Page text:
Archive for December, 2011

One Could Do Worse by Nicole Monaghan

Dec 30 2011 Published by under Stories

My parents would have been pissed if they knew I was there but I’d wanted this girl for four years.

It was the only parentless graduation party in the neighborhood, the basement of the nefarious Frank Marino. My dad would call Frank’s dad a greasy poltergeist and then snort his prick snort, muttering something about the screaming dego family being hard of hearing.

I showed up at Frank’s already topsy-turvy from drinking a six pack to work up my nerve. I hated the Marinos, but I hated my parents more for looking down their snotnoses at them.

Frank called me Einstein more often since word of my academic scholarship got out. I called him Tuxedo since the senior prom because he changed out of his and into jeans and a tank top in the hotel lobby. I pushed through the losers by association to Frank and demanded, “Tuxedo, where’s Celeste?” He answered, “With her boyfriend, Einstein,” which I knew was a lie. Half his mouth went up and he added, “You want a piece of that too?”

I spotted her on the edge of a circle of girls, walked over, and told her to come outside with me. Addressing her by name for the first time felt like a porno scene on my tongue. As we walked, I told her my parents had names for everyone and that I was scared shitless of the pressures that were about to suffocate me, that I wanted to ask her out since freshman year, that my family would say she was fast and going nowhere fast. She grabbed my hand like we’d been a couple forever and said she needed Doritos.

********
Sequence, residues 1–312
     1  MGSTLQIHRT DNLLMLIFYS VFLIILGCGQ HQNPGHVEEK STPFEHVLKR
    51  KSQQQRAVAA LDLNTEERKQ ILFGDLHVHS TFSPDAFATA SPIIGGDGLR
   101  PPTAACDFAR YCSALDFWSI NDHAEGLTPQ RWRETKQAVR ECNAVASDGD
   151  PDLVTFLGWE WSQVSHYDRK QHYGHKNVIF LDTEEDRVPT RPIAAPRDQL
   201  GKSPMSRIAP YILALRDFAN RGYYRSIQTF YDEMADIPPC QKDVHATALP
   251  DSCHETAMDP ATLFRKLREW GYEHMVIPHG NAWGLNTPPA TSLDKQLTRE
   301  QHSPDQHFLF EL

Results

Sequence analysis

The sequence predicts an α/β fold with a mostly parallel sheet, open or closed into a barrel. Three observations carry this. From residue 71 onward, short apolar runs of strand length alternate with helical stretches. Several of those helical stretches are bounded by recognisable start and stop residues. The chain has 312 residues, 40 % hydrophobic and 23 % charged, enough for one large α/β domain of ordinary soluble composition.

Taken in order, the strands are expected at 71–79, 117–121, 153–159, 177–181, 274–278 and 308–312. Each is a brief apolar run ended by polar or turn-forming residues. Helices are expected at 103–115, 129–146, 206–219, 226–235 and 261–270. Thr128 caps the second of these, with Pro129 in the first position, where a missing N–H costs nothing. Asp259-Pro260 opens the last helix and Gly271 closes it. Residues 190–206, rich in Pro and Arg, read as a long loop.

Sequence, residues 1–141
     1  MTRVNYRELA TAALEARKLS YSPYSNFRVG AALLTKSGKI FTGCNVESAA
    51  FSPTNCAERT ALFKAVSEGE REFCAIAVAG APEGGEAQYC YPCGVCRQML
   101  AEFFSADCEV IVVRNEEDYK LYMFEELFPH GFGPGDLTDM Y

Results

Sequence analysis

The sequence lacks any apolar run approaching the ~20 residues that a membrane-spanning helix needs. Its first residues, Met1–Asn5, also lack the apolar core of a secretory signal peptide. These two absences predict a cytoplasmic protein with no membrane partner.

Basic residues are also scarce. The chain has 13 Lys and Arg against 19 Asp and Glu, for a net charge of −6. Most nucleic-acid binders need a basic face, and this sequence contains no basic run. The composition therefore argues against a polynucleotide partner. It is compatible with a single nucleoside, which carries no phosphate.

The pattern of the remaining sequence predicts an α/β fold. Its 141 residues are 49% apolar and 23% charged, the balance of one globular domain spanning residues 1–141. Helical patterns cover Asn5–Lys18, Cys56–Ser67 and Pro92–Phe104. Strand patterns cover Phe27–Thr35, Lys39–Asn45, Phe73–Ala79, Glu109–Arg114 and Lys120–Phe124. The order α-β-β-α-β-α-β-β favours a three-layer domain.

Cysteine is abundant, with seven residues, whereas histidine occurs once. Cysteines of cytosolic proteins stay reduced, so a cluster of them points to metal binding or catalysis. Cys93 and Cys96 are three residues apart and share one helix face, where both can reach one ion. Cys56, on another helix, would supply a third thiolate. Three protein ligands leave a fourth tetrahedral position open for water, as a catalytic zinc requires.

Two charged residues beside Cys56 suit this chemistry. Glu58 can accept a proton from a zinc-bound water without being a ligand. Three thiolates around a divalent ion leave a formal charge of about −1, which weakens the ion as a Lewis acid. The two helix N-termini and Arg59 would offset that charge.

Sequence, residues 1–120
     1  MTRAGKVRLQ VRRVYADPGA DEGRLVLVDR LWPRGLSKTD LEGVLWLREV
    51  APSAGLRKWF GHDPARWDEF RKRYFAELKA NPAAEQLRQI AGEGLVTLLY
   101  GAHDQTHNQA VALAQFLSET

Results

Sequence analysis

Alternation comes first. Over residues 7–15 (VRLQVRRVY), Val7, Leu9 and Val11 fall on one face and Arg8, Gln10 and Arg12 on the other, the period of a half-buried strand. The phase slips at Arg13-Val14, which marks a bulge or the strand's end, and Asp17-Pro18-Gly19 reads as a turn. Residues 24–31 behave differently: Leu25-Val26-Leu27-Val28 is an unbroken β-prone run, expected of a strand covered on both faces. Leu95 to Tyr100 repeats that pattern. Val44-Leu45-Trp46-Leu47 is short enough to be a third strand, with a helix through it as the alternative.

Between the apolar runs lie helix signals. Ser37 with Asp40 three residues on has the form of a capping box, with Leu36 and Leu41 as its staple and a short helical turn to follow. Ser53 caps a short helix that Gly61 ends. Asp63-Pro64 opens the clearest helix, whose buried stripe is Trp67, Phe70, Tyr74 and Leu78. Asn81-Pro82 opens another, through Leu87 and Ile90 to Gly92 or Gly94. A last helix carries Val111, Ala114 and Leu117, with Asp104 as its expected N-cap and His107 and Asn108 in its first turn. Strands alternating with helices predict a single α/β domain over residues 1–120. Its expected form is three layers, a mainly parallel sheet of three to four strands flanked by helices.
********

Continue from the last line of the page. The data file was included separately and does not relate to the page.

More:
We ended up at Finkel’s Deli where my mom called the owners unusually generous Jews. Celeste said my Adam’s Apple was hot and my scholarship was hot. The crinkle of the Doritos bag in her hands was a firework. I always imagined I’d finally kiss her up against a wall in a remote corner, pinning her from all the pent-up desire, but instead it was gentle in front of the blinking light of the unusually generous delicatessen.

Nicole Monaghan is founder and editor of Nailpolish Stories, A Tiny And Colorful Literary Journal. She is editor of Stripped, A Collection Of Anonymous Flash due out from PS Books in 2012. Her work has appeared in Bartleby Snopes, Used Furniture Review, Foundling Review, Storyglossia, and Literary Mama, among many other venues. Visit her at

No responses yet

Unfortunate One by L.A. Craig

Dec 22 2011 Published by under Stories

Jade raises money for kids with leukaemiea. She sells miniature clay skulls. Their tea lights seep amber from eye sockets, gaping noses and between crooked smiles. She fires them in a kiln in her backyard and sells them at craft fairs, car boot sales and on days when she’s not busy, from a fold-up pasting table on her front lawn.

Jade saves stamps for the blind, buys pet food for the animal rescue centre, volunteers two afternoons a week at Mind. She collects jumble for the Lifeboat Association and shops for elderly neighbours. She feels it wasteful to allow time to fritter.

Her husband said their marriage might have lasted, if they’d had more idle moments. Jade signed up for the evening class as soon as he had gone.